What is wrong with presentations? Presentations as they are currently delivered, fail. There is little debate on the matter. Empirical research in communication suffers from many confounding factors and becomes almost impossible to generalise. Reflection highlights, embarrassingly, the fact though that the majority of presentations fail. And yet we continue.
If one were to list what is wrong with presentations the majority of respondents will very quickly detail multiple factors in the nature of the message, its illustration and delivery. Asking the same respondents to identify the factors in an effective presentation and they will desire clarity of message, simplicity of supportive media and an engaging delivery. Yet, in possession of such aspiration the majority of those surveyed, if asked to deliver a presentation, would do the obverse. We recognise what is wrong with presentations, we desire improvement and yet, when we deliver them we follow the practises of failure despite effort and care.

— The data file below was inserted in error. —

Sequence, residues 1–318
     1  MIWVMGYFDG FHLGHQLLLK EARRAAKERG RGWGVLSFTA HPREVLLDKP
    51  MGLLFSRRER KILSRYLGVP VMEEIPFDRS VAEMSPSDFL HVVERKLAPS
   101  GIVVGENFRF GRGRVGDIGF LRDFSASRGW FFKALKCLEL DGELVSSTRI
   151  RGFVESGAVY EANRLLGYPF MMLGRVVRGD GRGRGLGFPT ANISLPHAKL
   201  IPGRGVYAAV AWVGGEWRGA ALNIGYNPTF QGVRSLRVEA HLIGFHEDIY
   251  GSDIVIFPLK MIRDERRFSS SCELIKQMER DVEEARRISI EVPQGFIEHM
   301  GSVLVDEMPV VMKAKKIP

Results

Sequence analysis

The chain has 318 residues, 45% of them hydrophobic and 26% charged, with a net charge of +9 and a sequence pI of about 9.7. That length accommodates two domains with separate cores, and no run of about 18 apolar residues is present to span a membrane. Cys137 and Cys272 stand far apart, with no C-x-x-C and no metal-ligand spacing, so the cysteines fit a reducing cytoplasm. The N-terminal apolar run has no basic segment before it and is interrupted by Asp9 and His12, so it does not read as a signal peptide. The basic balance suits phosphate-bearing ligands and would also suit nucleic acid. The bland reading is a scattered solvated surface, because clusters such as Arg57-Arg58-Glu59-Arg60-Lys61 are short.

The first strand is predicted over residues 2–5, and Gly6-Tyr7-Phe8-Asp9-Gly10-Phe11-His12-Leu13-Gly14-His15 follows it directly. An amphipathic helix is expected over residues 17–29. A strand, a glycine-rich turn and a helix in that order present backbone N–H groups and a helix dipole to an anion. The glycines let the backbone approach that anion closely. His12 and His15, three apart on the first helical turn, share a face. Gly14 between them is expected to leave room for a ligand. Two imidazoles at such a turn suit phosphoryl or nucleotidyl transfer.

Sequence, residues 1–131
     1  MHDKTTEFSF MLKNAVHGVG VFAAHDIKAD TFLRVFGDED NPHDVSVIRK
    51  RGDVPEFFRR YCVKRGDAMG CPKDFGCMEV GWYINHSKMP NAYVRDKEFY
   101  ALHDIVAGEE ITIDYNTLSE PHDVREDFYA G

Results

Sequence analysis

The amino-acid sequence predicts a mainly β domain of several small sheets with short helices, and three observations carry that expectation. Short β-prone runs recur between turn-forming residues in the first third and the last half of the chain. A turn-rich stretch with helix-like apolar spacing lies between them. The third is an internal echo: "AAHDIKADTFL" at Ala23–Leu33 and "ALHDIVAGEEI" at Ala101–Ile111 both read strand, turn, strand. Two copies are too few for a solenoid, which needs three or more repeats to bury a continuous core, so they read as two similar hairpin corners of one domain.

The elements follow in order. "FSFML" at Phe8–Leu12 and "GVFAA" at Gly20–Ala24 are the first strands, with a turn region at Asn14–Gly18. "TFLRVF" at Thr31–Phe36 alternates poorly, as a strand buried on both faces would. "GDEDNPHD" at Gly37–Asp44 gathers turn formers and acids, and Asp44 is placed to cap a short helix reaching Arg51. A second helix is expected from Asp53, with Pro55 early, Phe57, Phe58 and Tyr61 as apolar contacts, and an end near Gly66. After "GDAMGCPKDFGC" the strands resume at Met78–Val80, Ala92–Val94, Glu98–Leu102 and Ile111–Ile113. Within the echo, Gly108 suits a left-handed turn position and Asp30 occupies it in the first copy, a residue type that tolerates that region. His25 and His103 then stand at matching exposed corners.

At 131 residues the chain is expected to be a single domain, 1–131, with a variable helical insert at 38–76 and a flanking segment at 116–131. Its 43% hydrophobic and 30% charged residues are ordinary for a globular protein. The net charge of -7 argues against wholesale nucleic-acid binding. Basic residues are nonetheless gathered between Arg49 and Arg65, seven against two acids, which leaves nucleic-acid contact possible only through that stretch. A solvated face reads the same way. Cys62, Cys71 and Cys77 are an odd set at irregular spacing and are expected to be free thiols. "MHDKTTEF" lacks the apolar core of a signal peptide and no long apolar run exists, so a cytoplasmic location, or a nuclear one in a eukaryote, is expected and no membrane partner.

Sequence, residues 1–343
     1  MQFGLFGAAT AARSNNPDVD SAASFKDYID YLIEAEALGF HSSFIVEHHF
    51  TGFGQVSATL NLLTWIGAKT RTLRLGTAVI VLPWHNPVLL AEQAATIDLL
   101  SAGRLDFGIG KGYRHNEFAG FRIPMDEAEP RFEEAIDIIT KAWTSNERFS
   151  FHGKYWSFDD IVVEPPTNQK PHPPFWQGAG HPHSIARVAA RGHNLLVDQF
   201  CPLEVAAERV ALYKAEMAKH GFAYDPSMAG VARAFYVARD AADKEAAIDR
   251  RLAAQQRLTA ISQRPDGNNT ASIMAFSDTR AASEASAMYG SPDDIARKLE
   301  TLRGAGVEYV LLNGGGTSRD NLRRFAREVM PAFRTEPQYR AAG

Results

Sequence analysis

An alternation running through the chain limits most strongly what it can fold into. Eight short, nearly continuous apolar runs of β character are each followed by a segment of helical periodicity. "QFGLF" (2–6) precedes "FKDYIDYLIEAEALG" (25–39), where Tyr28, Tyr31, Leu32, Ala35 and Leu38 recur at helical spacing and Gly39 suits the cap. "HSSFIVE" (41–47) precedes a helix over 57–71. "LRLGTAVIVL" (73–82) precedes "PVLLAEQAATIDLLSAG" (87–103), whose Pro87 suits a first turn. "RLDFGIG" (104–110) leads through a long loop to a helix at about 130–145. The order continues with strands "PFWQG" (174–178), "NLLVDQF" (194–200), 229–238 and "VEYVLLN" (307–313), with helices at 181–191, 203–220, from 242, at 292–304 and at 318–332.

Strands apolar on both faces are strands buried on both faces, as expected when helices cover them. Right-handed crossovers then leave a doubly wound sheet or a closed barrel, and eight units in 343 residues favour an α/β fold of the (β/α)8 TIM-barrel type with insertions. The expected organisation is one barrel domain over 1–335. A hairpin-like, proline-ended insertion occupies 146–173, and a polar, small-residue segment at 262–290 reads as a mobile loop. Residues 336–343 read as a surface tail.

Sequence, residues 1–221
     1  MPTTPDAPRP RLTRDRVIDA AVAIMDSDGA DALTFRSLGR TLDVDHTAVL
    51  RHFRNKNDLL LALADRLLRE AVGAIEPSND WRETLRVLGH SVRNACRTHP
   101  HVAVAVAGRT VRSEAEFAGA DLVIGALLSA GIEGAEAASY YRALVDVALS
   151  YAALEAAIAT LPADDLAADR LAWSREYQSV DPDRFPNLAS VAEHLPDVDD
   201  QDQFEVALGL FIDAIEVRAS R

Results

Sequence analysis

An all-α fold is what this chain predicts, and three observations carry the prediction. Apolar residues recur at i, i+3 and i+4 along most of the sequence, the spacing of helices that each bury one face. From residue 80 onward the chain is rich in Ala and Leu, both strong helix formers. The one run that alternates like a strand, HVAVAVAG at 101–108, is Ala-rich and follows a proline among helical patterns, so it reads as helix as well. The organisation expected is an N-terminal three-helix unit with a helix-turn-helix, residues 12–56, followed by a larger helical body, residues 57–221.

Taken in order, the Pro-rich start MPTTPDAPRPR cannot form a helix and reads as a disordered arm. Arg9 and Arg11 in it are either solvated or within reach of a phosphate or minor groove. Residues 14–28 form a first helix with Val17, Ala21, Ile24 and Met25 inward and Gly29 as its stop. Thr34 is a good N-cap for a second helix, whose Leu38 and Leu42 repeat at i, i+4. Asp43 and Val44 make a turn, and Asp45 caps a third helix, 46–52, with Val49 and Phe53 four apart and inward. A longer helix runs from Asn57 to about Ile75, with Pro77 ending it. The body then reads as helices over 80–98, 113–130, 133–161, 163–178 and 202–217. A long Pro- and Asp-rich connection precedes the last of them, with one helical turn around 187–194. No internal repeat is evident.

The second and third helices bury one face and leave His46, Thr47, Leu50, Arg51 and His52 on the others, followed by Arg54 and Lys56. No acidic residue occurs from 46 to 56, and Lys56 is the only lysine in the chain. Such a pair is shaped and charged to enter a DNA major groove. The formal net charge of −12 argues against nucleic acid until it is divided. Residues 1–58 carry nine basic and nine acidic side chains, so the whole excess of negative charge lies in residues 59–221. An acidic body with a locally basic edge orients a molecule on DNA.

The reasons for this perversity are enmeshed in conformity to perceived standards, aspiration to the level of mediocrity displayed, “education”, defensive practises against performance anxiety, time pressures, a lack of value in the output and ultimately lack of of alternative approaches. Yet few are comfortable when confronted with the facts of this failure of presentations. It generates aggression and anger that criticism might be implied, that teaching may not have been as effective, that communication has failed. If that passion could be converted into creation, reflection and development how might the world change? Presentations as they are currently delivered by the vast majority simply do not work. That is what is wrong with presentations.